Author Topic: Sri Lanka: Rebuilding, Reconciling And Rebranding  (Read 1929 times)

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Offline mayya

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Sri Lanka: Rebuilding, Reconciling And Rebranding
« on: November 14, 2013, 15:39:00 PM »
 11/13/2013 @ 10:07AM |877 views

Sri Lanka: Rebuilding, Reconciling And Rebranding


English: Flag map of Sri Lanka (Photo credit: Wikipedia)

By Ajith Nivard Cabraal

This week, Sri Lanka is hosting the biennial Commonwealth Heads of Government Meeting (CHOGM). That occasion provides Sri Lanka the opportunity to showcase its progress, 4 years after the devastating conflict that caused untold suffering across the country.

Sri Lanka could also use the opportunity to dispel some of the myths that have been propagated over the past four years by a determined and well-funded Tamil diaspora who, since of late, have been carrying out a sustained campaign designed to discredit Sri Lanka and to discourage Commonwealth leaders from coming to Sri Lanka. That is probably because, in the recent past, whenever foreign political leaders have visited and experienced Sri Lanka’s conditions, and seen the progress that is taking place, they have, almost always, concluded that the actual conditions are entirely different to what has been claimed by the Tamil diaspora. Therefore, the diaspora must obviously know that Commonwealth leaders will see many positive developments, first-hand.

What are the Commonwealth leaders likely to see?

From a macro-economic perspective, that Sri Lanka has embarked on an ambitious program of infrastructure development, job creation and rehabilitation in all parts of the country including the North, from where suicide terrorist attacks were launched by the Tamil Tigers, not so long ago. That the Sri Lankan economy has been growing on an annual average of 7.5%, while the previously conflict-affected North has recorded a phenomenal average nominal annual growth of around 20%. That poverty levels across the country have reduced dramatically, while the people in the North have been able to enjoy inclusive livelihood activities, regular health services, satisfactory educational services, good quality infrastructure, national-standard government services, and robust banking services.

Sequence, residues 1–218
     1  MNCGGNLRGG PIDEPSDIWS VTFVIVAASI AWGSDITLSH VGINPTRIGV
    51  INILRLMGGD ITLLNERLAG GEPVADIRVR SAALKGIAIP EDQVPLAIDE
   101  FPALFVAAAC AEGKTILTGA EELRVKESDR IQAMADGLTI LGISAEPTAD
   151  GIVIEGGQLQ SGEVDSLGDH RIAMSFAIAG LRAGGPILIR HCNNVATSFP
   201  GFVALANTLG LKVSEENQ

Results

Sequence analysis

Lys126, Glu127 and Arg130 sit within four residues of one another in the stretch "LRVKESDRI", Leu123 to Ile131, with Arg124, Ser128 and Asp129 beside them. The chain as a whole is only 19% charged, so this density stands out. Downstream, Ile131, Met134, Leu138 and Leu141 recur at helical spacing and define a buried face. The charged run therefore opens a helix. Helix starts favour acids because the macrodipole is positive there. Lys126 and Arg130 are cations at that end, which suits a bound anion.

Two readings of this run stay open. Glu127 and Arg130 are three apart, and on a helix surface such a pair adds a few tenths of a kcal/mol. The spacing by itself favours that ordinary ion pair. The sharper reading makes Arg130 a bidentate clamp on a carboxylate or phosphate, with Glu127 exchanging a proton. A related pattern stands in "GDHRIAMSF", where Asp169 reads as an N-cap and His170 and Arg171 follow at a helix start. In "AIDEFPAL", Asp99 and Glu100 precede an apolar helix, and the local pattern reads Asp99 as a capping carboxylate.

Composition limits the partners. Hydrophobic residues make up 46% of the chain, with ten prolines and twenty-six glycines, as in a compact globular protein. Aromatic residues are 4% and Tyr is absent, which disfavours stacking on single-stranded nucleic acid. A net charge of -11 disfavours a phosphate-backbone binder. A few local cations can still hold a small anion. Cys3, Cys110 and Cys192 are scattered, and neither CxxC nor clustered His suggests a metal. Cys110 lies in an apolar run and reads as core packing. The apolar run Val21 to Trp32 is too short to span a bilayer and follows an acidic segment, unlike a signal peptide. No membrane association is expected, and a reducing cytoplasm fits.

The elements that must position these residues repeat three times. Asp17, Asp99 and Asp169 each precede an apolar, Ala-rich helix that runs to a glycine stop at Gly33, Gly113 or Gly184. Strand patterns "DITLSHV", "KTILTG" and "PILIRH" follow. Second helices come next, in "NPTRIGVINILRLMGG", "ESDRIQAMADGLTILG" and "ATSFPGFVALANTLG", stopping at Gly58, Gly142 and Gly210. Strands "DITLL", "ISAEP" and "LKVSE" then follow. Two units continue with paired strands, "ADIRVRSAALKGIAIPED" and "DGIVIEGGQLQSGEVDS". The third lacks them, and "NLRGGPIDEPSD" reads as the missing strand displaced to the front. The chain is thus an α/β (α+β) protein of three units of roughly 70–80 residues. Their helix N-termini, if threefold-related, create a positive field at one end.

From a political and socio-economic perspective, Commonwealth leaders would see that the people in the North now enjoy unfettered freedom to engage in social and political activities. That elections were held for the Northern Provincial Council in September 2013, in peaceful conditions, which resulted in a victory for a coalition of Tamil political parties, thereby empowering them to carry out the further development of the Province, in a manner similar to that prevailing in the other 8 Provinces in the country. That the elections were hailed as “free and fair” by all observers, and the fact that 54 different political parties competed for office, was a sign of normalcy in the former conflict area, and vibrancy of the democratic traditions in the country.

That the implementation of the recommendations of the Lessons Learnt and Reconciliation Commission, which aim to promote further national unity and reconciliation among all communities, have been given top priority by the Government, and a high level Task Force is pursuing its implementation. That the former Chief Justice was impeached for financial impropriety including the false declaration of her Assets and Liabilities and serious conflicts of interests in cases she was hearing.

That, of the 19 journalists who were claimed to have been killed in Sri Lanka over the past 10 years, 18 had either been killed by the Tamil Tigers or were Tiger terrorist cadres themselves. That the massive number of alleged disappearances that had been registered in the minds of many by the Tamil diaspora, has been done through a clever strategy, where regular repetition and clever cross quoting has been the basis for most accusations. That the Sinhalese, Tamils and Muslims of Sri Lanka live in harmony with each other in every part of the country and that the Sinhalese dominated Western Province has financed the enormous development in the North amounting to over US dollars 3 billion during the past 4 years. That the majority of the Tamils live outside the Northern Province, and that they live in harmony with the majority Sinhalese in all parts of the country.
From a business perspective, the leaders would learn that many global investors have found Sri Lanka to be a safe and credible investment destination. That several Sri Lankan companies have been exporting high quality apparels and other merchandise to sophisticated Western consumers, at competitive prices. That Sri Lanka has now graduated to a lower-middle-income nation, and hence, is now developing new ways and means by which economic partnerships could be promoted between other nations and Sri Lanka.

Such wide understanding is likely to suggest to the Commonwealth leaders who visit Sri Lanka that the Tamil diaspora who live in Europe, USA, Canada and the West are undermining reconciliation, unlike the people living in Sri Lanka. Based on that understanding, it is hoped that, after the Summit, many of the leaders, when they return to their own countries, would be able to convince their own countrymen who were former Sri Lankans, to allow those Tamils who live in Sri Lanka, to live in peace and harmony with the majority community.
Ajith Nivard Cabraal is Governor of the Central Bank of Sri Lanka.